Overnight Energy: Trump allows use of ethanol gas in summer | Move to benefit farmers | Britain goes two weeks without using coal | EPA watchdog hands Pruitt probe findings to Congress

Overnight Energy: Trump allows use of ethanol gas in summer | Move to benefit farmers | Britain goes two weeks without using coal | EPA watchdog hands Pruitt probe findings to Congress
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TRUMP LOVES ETHANOL: The Trump administration has finalized a plan that will allow higher ethanol gasoline to be sold in summer months, a decision that is likely to draw concern from environmentalists who say the fuel is harmful in warm temperatures.

The decision announced by Environmental Protection Agency (EPA) officials Friday also signals a move President TrumpDonald John TrumpWatergate prosecutor says that Sondland testimony was 'tipping point' for Trump In private moment with Trump, Justice Kennedy pushed for Kavanaugh Supreme Court nomination: book Obama: 'Everybody needs to chill out' about differences between 2020 candidates MORE is taking to appease corn farmers, many of whom have been hit hard by recent Chinese trade tariffs.

Through the finalized plan, refineries will be able to mix gasoline with 15 percent ethanol, or E15, year-round, or buy an equal amount of fuel credits called renewable identification numbers (RINs).

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Previously, E15 was restricted under air pollution requirements between June 1 and Sept. 15, as science shows burning ethanol in warmer temperatures leads to heightened ground-level ozone pollution and smog. The new plan will effectively lift those sales barriers by removing a regulatory barrier on fuel evaporation that EPA officials say should not extend to E15.

A Trump promise: Trump has long hinted at his plans to expand the ethanol market, a promise he first made during his presidential campaign. Last July, he said he was "very close" to allowing higher ethanol content in gasoline.

The president is expected to visit Iowa in June to attend a Republican Party fundraiser along with Iowa members of Congress Sen. Joni ErnstJoni Kay ErnstSenate approves stopgap bill to prevent shutdown GOP senator blocks vote on House-passed Violence Against Women Act Tensions rise in Senate's legislative 'graveyard' MORE (R), Sen. Chuck GrassleyCharles (Chuck) Ernest GrassleyTrump steps up GOP charm offensive as impeachment looms Congressional authority in a time of Trump executive overreach Overnight Health Care: Crunch time for Congress on surprise medical bills | CDC confirms 47 vaping-related deaths | Massachusetts passes flavored tobacco, vaping products ban MORE (R) and Rep. Steve KingSteven (Steve) Arnold KingWhy the GOP march of mad hatters poses a threat to our Democracy MSNBC's Donny Deutsch: 'Pathetic' Republicans who stormed closed hearing are 'boring, nerdy-looking white guys' Overnight Defense: Trump lifts sanctions on Turkey | 'Small number' of troops to remain by Syrian oil fields | Defense official's impeachment testimony delayed five hours after Republicans storm secure room MORE (R) -- all lawmakers who have championed the Renewable Fuel Standard (RFS) and called for an increase to E15. The state is key for 2020 candidates, as Iowa is the first to hold its presidential primary nominating contest.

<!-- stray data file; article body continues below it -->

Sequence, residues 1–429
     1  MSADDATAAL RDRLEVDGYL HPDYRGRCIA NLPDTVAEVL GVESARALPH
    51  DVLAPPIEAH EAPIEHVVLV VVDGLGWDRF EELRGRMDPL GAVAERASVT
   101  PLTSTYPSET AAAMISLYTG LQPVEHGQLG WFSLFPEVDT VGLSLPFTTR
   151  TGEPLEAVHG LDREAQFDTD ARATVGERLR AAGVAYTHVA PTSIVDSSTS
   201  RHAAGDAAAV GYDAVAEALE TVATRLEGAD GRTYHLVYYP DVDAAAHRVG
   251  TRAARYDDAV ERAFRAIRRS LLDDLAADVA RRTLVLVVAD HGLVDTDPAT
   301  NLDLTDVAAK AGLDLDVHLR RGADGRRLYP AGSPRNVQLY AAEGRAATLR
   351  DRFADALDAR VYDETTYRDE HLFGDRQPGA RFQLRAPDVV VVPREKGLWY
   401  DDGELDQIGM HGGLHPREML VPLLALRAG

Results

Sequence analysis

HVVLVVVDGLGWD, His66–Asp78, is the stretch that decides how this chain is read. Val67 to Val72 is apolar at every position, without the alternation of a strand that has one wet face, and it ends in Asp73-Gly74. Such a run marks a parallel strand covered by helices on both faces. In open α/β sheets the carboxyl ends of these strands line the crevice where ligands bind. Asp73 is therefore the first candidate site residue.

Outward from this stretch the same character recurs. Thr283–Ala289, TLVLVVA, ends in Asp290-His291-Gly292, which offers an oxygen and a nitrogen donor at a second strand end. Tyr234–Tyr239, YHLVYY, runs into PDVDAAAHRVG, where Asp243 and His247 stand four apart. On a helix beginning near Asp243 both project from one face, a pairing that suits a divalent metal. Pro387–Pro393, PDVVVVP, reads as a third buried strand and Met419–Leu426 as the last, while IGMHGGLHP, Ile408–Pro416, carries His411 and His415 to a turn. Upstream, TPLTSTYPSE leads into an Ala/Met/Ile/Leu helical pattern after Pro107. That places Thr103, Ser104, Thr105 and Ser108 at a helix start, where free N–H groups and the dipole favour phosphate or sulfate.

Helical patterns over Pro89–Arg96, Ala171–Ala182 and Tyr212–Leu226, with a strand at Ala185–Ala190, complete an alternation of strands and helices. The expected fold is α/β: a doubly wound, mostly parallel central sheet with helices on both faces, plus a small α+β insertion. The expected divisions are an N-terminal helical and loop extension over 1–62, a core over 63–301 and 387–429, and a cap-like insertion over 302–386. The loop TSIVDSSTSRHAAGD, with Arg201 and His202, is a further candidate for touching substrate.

Bill Wehrum, assistant administrator​ for the Office of Air and Radiation at EPA, said Friday's decision was in line with Trump's wishes.

"We're doing this because it's a very important presidential priority. Trump has embraced the RFS. He has taken a lot of personal time talking to us and other parties. He is personally convinced that the measures rolled out today will help all around," Wehrum told reporters on a call.

The EPA first announced the proposed E15 rule in March. The White House last October directed the agency to initiate rulemaking to expand waivers for E15 and change the way RINs were traded on the market.

Greens criticize move: Environmentalist groups view year-round use of E15 as a major health concern and a breach of the Clean Air Act. Many groups have vowed to sue.

"Allowing the year-round sale of E15 gasoline is both illegal under the Clean Air Act and will accelerate the destruction of wildlife habitat and pollution of our air, and drinking water," said Collin O'Mara, president and CEO of the National Wildlife Federation

"Instead of undermining public health protections, the White House should focus on using the EPA's upcoming rewrite of the ethanol mandate to promote cleaner, more sustainable fuels that support the rural economy while also protecting our air, drinking water, and wildlife habitat."

Read more on the rule here.

 

Happy last day of May! Welcome to Overnight Energy, The Hill's roundup of the latest energy and environment news. We'll be picking up the newsletter again on Tuesday.

Please send tips and comments to Miranda Green, mgreen@thehill.com and Rebecca Beitsch, rbeitsch@thehill.com. Follow us on Twitter: @mirandacgreen, @rebeccabeitsch and @thehill.